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Volume 469: debated on Monday 10 December 2007

To ask the Secretary of State for Communities and Local Government what estimate she has made of the number of people in England who were (a) squatting, (b) facing eviction, (c) in temporary accommodation, (d) living in severe overcrowding and (e) staying with friends or family because they have no accommodation at the latest date for which figures are available. (165786)

The information requested is as follows.

Temporary accommodation

Information about local authorities’ actions under homelessness legislation is collected quarterly at local authority level, in respect of households rather than people. Information reported each quarter by local authorities about their activities under homelessness legislation includes the number of households accepted by local authorities as eligible for assistance, unintentionally homeless and in priority need, and therefore owed a main homelessness duty. The duty owed to an accepted household is to secure suitable accommodation. If a settled home is not immediately available, the authority may secure temporary accommodation until a settled home becomes available. This data is published in our quarterly statistical release on Statutory Homelessness, available on our website and placed in the Library each quarter. The latest release was published on 10 September 2007 and contains data for the period April to June 2007:

The latest figures show that there were 84,900 households in temporary accommodation in England on 30 June 2007. This is down from 101,000 in December 2004.


Over the period 2003-04 to 2005-06 it is estimated, from Survey of English Housing figures, that there were 47,000 households in England living in severely overcrowded conditions.

The benchmark for assessing whether or not a household is overcrowded or severely overcrowded is the Bedroom Standard. This is determined for each household in accordance with its age/sex/marital status composition and the relationship of the members to one another. A separate bedroom is required:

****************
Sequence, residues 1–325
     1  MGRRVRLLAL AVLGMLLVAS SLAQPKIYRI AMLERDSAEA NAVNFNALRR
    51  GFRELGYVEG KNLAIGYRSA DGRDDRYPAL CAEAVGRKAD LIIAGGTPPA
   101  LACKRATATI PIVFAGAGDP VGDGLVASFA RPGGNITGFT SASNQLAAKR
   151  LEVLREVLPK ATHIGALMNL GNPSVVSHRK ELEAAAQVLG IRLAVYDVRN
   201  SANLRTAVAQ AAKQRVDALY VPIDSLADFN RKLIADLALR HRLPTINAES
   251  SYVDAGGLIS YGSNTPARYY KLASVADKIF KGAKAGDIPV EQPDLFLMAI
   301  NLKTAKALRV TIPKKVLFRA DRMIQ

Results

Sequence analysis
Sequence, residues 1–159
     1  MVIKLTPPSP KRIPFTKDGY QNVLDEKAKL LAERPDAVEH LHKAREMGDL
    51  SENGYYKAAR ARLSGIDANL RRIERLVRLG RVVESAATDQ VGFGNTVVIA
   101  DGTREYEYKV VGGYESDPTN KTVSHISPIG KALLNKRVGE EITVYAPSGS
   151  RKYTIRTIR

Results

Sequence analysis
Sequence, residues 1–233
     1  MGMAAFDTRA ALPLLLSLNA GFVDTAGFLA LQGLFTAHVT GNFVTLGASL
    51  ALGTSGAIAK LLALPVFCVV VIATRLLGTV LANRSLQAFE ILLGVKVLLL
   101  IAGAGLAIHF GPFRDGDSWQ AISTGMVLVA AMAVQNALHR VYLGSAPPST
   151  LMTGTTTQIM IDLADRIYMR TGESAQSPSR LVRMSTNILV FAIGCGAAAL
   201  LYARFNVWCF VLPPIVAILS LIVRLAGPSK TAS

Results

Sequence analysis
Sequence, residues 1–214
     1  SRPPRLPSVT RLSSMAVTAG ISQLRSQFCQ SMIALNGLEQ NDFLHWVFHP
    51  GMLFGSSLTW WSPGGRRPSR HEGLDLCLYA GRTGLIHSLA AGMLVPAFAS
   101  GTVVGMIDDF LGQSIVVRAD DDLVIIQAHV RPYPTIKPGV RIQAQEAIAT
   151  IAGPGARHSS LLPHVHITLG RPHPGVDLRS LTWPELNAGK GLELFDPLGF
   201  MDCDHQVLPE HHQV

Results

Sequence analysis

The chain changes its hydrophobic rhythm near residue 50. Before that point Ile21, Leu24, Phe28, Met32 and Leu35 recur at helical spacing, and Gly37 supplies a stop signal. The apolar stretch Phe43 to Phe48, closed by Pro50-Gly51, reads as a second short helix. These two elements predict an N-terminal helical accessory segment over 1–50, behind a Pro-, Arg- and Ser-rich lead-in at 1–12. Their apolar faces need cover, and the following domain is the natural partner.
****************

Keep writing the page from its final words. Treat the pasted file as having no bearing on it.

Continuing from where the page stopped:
for each married or cohabiting couple;

for any other person aged 21 or over;

for each pair of adolescents aged 10-20 of the same sex;

for each pair of children under 10.

Further, any unpaired person aged 10-20 is paired, if possible with a child under 10 of the same sex, or, if that is not possible, he or she is counted as requiring a separate bedroom, as is any unpaired child under 10.

This standard is then compared with the actual number of bedrooms (including bed-sitters) available for the sole use of the household. Bedrooms converted to other uses are not counted as available unless they have been denoted as bedrooms by the residents. Bedrooms not actually in use are counted unless uninhabitable.

If a household has fewer bedrooms than implied by the standard then it is deemed to be ‘overcrowded’. Since one bedroom will be sufficient for single person households and for married/cohabiting couples, these households cannot be overcrowded according to the bedroom standard. If a household has two or more bedrooms fewer than implied by the standard then it is deemed to be ‘severely overcrowded’.

The Government are committed to addressing overcrowding and to updating the standards. We have already announced our intention to increase the numbers of affordable housing, including family sized social properties, to help to support a reduction in overcrowding.

Households facing eviction

Data from the Ministry of Justice indicate that in the year to 30 September 2007, there were 61,532 outright landlord orders. This figure should not be taken as an indication of how many households have been repossessed through the courts, since not all orders result in actual eviction.

No reliable information on the number of squatters, or people staying with family or friends because they have no accommodation, is collected centrally.